In the area, there are many old documents such as agreements showing the mutual aid function in the town and the rules of the neighborhood association. Even now, the school districts are firmly united and are active mainly in the self-governing hall.

Muromachi school district
Our school district has Kuramaguchi Station and Imadegawa Station on the Karasuma Subway Line, and Muromachi Elementary School (Karasuma Dori Teranouchi) is almost the center, and it is about 1 km east-west and north-south. If you go east on the Imadegawa River on Karasuma-dori, you will find the oldest and only surviving Reizeike House, the third shogun Yoshimitsu Ashikaga, whose ancestor is the Fujiwara no Teika, who is known as the winner of Hyakunin Isshu. After stabilization, there is Sokokuji Temple, which is said to have been built to train itself as a dojo for Sanzen Bendo. To the north, the Kamigorei Shrine, which is said to be the creation of the vengeful spirits of Prince Sawara and others who were sacrificed in Nagaokakyo, is enshrined, and Teramachi-dori has temples gathered by Hideyoshi in the Kamo River. I will reach you.

Heading west, the first Nichiren sect dojo in Kyoto connects to the central areas of the Nichiren sect, such as Myokenji, Myokakuji, and Honhoji, which control the 16 main mountains of Mitsu-gusoku, and further conveys the spirit of Japanese culture. The Omotesenke and Urasenke, which are the centers of the tea ceremony, continue. Our Muromachi school district has an environment where you can enjoy historic sites that are still used lively in the morning and evening. The Great Fire of Tenmei (1788) once caused great damage to this town, but it has been reconstructed with the efforts of its predecessors, and has survived many hardships even after the restoration, and is now welcoming.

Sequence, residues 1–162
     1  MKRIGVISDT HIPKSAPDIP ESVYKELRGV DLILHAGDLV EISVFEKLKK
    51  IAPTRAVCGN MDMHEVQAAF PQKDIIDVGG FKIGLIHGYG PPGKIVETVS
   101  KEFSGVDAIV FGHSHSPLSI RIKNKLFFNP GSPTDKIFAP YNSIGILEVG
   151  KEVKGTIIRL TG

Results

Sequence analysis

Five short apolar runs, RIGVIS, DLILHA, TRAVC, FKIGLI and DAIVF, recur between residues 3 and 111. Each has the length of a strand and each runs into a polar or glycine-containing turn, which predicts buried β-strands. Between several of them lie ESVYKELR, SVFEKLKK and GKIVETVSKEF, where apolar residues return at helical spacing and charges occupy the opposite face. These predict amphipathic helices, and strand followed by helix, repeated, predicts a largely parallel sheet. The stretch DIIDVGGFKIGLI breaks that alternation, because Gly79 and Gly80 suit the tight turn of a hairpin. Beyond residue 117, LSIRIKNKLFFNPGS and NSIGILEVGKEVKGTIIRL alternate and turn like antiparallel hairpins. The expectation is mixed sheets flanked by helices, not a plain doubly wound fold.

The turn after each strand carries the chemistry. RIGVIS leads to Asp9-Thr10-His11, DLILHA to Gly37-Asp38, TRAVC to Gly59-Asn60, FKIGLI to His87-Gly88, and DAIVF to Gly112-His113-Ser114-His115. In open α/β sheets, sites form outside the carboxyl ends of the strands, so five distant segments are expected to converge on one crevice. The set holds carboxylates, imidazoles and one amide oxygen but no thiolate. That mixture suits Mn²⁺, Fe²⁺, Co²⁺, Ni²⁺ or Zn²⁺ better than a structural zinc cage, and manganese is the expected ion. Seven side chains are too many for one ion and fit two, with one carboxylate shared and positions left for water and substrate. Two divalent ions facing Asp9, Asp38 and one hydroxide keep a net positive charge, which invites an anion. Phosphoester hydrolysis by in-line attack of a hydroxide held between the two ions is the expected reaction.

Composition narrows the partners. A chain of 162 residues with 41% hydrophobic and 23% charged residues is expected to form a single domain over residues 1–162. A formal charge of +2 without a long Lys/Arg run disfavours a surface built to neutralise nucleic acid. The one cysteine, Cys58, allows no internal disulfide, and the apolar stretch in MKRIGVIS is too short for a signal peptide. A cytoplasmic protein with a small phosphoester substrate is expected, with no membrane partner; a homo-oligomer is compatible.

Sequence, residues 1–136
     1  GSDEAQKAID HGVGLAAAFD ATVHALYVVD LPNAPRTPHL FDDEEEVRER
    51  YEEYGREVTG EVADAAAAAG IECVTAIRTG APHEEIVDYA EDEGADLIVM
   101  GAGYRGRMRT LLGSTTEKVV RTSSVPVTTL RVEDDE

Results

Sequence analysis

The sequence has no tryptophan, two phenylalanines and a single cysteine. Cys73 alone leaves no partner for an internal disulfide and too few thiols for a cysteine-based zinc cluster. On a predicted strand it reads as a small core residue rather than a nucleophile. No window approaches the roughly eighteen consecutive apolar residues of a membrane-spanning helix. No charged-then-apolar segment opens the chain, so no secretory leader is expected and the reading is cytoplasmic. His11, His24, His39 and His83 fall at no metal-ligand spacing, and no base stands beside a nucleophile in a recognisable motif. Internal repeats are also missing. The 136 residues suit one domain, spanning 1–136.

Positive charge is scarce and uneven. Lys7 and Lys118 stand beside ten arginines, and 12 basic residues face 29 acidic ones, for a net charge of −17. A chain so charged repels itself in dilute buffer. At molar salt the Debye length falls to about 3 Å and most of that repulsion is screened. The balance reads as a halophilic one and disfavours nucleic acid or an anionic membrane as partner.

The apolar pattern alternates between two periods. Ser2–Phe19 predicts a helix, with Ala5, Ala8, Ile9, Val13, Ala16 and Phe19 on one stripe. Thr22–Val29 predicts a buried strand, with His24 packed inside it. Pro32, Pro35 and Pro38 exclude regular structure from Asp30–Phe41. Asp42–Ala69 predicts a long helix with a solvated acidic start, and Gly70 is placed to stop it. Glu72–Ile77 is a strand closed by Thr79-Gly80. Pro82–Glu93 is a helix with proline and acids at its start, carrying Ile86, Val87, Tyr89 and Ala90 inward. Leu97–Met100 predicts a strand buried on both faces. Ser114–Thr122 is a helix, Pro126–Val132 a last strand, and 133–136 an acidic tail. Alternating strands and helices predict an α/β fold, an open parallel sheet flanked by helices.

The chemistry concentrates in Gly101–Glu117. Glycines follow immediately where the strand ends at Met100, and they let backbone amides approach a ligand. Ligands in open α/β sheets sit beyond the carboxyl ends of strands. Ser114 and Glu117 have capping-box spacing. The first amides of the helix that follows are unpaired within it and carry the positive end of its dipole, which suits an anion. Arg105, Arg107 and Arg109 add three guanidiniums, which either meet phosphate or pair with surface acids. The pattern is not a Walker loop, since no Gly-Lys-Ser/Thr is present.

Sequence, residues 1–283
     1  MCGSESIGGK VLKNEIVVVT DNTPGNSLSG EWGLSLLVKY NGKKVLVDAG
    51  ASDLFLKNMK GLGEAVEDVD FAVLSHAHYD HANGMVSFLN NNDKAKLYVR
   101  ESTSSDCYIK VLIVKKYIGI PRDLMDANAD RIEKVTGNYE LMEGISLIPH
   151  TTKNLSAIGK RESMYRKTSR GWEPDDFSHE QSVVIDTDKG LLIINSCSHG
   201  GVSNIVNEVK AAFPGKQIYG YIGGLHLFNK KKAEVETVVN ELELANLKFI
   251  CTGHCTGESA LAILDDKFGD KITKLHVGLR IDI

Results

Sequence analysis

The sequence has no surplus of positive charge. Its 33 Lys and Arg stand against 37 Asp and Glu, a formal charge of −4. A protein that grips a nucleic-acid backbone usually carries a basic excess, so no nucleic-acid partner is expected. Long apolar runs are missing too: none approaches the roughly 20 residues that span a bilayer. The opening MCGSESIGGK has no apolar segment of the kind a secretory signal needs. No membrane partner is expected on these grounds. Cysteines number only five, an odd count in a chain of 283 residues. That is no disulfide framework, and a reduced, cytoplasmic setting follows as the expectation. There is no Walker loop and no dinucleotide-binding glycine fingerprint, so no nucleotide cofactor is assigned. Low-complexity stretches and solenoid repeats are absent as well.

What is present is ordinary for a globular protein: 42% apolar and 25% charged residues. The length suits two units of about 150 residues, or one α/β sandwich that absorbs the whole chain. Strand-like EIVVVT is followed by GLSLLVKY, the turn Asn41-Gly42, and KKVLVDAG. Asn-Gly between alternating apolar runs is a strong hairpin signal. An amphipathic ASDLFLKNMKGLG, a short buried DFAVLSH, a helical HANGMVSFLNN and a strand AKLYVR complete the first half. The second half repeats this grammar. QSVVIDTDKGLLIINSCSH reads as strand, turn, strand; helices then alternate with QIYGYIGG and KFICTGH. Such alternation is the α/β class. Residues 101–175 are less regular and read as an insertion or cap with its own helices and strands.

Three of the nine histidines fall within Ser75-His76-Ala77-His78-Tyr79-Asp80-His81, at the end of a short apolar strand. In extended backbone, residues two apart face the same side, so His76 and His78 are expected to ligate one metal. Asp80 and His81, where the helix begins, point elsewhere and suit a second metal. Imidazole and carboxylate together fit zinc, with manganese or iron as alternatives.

Qianlong School District
It is the name of Kamigyo Ward San Program Elementary School in 1897. The name is Yutaka Yamada, the mayor of the three program districts at that time (the chief priest of Shingon-shu Daigo School Bunshuin, Nishirosanjicho). He was also a member of the academic affairs committee. The origin of the school name is that we want you to become Takamasa in the direction of Inui (northwest) of the Kyoto Imperial Palace.

Nishijin school district
The Nishijin school district has a complicated shape with many intricacies, but the approximate location is west of Horikawa-dori, east of Jofukuji-dori, north of Itsutsuji-dori, and south of Teranouchi-dori. In the first year of Onin (1467), the Onin War broke out, and the residence of Sozen Yamana (currently Yamanamachi) became one of the bases, and in May of the same year, a fierce battle was fought with the army of Katsumoto Hosokawa. At this time, the area around Yamana’s residence was called “Nishijin” in the sense of the western camp against Hosokawa in the east, and “Nishijin” was used as a place name and became established at the end of the Muromachi period.

Historically, the concept of Nishijin is that it ranges from Nakadachiuri-dori to Kuramaguchi-dori in the north and south, and from Muromachi-dori to Senbon-dori in the east and west, with a side of about 1 km. After the Onin War was over, the ruins of the camp, which had become a burnt field on one side, gradually returned to the old one, and grew into a “town of Nishijin and Hataori.”

Shogun School District
The Shogun school district is an area that extends to Ashiyamaji-dori in the north, Ichijo-dori in the south, Senbon-dori in the east, and Tenjingawa in the west. This area was once a vast wilderness and was “Nanano” (Kitano, Hirano, Kashiwano, Shino).・ It was a wild place known as one of the lotus dainos. In the first year of the Tenryaku era (947), Kitano Tenmangu was built to enshrine Sugawara no Michizane. Daihoonji Temple (Senbon Shakado), which was built in the Middle Ages, is located adjacent to the temple. In 1587, Toyotomi Hideyoshi made a flower as a place for performing various arts such as the Kitano Tea Ceremony and the Kabuki dance of Izumo no Okuni.

In the 2nd year of the Meiji era, 37 towns in this area were organized into the 3rd program in Tokyo, and were changed to the 6th group in the same year, the 5th group in the 25th year of the Meiji era, and the Shogun school district after 1945. The elementary school was built in Daimonji-cho (Motoseiganji-dori Shichihonmatsu Higashiiri) on September 1, 1902, and was relocated to the present Nishiyanagi-cho in 1890. The origin of Shogun is named after the Shogunro, which towered at one end of the corridor of Otenmon in Heiankyo.